The Cubical Lattice Concept

One of the first things that had to be determined was how best to place the uranium in the reactor. Fermi and Szilard suggested placing the uranium in a matrix of the moderating material, thus forming a cubical lattice of uranium. This placement appeared to offer the best opportunity for a neutron to encounter a uranium atom. Of all the materials which possessed the proper moderating qualities, graphite was the only one which could be obtained in sufficient quantity of the desired degree of purity.

The study of graphite-uranium lattice reactors was started at Columbia in July, 1941, but after reorganization of the uranium project in December, 1941, Arthur H. Compton was placed in charge of this phase of the work, under the Office of Scientific Research and Development, and it was decided that the chain reactor program should be concentrated at the University of Chicago. Consequently, early in 1942 the Columbia and Princeton groups were transferred to Chicago where the Metallurgical Laboratory was established.

Photo

Arthur Holly Compton (right), Director of the
"Chicago Metallurgical Project," 1942-1945.

In a general way, the experimental nuclear physics group under Fermi was primarily concerned with getting a chain reaction going; the chemistry division organized by F. H. Spedding (later in turn under S. K. Allison, J. Franck, W. C. Johnson, and T. Hogness) with the chemistry of plutonium and with separation methods, and the theoretical group under E. P. Wigner with designing production piles. However, the problems were intertwined and the various scientific and technical aspects of the fission process were studied in whatever group seemed best equipped for the particular task.

At Chicago, the work on subcritical size piles was continued. By July, 1942, the measurements obtained from these experimental piles had gone far enough to permit a choice of design for a test pile of critical size. At that time, the dies for the pressing of the uranium oxides were designed by Zinn and ordered made. It was a fateful step, since the entire construction of the pile depended upon the shape and size of the uranium pieces.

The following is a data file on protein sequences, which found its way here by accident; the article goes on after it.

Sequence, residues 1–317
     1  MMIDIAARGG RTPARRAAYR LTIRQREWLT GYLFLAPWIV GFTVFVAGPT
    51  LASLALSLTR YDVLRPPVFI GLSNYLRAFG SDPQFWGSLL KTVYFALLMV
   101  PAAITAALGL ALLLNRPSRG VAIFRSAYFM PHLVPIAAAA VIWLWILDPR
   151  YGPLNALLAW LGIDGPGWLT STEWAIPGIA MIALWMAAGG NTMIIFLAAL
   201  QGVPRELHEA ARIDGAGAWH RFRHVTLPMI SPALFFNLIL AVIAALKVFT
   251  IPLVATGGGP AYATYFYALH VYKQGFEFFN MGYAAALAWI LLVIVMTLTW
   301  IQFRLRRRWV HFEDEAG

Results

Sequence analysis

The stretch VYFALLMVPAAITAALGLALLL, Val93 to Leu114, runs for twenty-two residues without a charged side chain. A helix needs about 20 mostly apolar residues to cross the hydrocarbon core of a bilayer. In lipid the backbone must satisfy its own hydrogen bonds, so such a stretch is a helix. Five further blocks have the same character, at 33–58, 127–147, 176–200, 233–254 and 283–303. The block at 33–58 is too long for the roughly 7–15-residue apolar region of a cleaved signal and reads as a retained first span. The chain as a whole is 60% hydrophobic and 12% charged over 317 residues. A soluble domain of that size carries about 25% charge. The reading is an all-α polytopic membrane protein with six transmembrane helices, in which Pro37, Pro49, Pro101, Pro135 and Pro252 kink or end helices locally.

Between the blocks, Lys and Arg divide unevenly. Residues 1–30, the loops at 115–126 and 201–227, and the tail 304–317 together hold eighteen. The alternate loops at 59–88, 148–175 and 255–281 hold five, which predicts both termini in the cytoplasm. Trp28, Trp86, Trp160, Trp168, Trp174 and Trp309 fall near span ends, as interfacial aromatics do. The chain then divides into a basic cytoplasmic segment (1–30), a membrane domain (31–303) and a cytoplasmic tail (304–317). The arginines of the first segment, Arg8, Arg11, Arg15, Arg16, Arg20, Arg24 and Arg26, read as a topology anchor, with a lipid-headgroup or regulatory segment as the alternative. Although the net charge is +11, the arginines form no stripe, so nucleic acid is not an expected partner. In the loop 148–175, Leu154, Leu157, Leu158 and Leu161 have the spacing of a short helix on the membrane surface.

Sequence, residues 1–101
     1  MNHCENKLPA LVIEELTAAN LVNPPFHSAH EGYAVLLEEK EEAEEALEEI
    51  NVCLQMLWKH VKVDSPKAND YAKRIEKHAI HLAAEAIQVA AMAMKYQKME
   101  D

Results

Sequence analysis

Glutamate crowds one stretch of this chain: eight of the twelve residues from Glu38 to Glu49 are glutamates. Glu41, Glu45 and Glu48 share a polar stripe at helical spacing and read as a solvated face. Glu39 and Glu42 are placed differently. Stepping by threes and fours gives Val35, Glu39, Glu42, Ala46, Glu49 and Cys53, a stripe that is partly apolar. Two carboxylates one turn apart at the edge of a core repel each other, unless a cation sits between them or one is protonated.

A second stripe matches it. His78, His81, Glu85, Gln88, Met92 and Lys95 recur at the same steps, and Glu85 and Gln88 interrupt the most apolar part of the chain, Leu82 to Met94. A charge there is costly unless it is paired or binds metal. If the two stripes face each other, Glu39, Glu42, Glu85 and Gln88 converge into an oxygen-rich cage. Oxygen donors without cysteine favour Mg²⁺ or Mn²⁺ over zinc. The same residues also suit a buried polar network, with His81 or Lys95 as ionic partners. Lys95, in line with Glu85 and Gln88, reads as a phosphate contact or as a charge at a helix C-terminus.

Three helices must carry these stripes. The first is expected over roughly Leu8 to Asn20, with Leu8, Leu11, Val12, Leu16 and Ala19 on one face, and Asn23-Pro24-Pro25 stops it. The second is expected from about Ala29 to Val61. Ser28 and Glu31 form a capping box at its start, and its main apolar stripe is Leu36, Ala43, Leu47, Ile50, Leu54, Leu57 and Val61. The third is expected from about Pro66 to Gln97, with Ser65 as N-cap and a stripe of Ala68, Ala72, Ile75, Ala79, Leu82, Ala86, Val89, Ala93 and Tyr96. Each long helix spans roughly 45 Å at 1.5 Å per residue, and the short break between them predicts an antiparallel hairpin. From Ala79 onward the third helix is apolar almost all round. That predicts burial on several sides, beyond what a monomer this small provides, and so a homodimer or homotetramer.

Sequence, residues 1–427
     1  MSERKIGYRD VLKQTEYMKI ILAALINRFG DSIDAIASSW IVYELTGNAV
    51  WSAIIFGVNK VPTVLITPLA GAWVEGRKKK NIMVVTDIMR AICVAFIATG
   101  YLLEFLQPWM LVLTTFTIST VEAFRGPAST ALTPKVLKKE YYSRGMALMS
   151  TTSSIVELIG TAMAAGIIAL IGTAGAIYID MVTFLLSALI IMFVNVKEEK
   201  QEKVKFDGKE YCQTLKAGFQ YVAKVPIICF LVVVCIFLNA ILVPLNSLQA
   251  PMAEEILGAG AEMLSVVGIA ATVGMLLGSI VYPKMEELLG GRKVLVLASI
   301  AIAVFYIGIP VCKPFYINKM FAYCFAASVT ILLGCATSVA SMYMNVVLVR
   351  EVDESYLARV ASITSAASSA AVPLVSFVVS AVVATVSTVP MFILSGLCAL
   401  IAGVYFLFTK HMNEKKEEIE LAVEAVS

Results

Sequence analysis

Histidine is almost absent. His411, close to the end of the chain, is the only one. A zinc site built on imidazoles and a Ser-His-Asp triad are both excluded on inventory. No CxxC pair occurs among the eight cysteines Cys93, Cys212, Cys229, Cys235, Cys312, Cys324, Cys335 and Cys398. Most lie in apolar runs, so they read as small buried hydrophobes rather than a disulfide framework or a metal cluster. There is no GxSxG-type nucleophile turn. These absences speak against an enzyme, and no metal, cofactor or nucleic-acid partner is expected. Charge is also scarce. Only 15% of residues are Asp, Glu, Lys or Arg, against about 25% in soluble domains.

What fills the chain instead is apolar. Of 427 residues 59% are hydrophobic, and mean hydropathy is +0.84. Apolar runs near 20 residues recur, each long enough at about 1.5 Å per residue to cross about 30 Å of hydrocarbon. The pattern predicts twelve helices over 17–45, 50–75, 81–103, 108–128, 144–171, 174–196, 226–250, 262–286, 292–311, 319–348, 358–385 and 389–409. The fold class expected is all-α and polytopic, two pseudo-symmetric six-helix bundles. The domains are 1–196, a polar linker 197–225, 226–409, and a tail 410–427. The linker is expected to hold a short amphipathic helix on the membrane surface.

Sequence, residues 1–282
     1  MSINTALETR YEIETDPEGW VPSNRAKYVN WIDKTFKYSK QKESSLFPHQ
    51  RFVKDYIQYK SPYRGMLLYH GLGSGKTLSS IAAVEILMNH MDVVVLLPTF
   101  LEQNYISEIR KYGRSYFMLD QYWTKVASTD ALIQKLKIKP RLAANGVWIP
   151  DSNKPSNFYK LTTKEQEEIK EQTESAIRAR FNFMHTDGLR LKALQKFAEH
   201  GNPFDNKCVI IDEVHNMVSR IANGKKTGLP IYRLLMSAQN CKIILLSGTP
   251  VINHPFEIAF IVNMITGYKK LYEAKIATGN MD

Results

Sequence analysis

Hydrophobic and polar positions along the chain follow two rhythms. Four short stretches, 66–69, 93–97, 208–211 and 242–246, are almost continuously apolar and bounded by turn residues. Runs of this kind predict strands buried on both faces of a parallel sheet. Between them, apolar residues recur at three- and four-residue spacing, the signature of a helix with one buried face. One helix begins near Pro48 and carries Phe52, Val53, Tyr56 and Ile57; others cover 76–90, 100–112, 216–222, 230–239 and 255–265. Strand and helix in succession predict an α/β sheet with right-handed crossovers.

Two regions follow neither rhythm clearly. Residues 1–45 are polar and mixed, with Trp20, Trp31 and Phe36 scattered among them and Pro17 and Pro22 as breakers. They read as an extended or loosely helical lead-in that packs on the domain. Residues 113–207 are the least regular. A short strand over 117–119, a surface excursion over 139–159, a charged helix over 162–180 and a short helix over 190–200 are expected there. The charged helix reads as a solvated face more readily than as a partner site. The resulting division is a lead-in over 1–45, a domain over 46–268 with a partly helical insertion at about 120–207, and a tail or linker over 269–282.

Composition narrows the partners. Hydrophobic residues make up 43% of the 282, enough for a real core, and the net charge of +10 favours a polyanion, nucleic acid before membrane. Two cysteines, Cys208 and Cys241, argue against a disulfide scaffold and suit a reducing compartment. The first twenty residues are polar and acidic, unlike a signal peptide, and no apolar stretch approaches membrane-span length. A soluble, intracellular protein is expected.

It was necessary to use uranium oxides because metallic uranium of the desired degree of purity did not exist. Although several manufacturers were attempting to produce the uranium metal, it was not until November that any appreciable amount was available. By mid-November, Westinghouse Electric and Manufacturing Company, Metal Hydrides Company, and F. H. Spedding, who was working at Iowa State College at Ames, Iowa, had delivered several tons of the highly purified metal which was placed in the pile, as close to the center as possible. The procurement program for moderating material and uranium oxides had been handled by Norman Hilberry. R. L. Doan headed the procurement program for pure uranium metal.

Although the dies for the pressing of the uranium oxides were designed in July, additional measurements were necessary to obtain information about controlling the reaction, to revise estimates as to the final critical size of the pile, and to develop other data. Thirty experimental subcritical piles were constructed before the final pile was completed.


The Metallurgical Laboratory was the predecessor of Argonne National Laboratory, which is operated for the U.S. Department of Energy by the University of Chicago and Argonne Universities Association.


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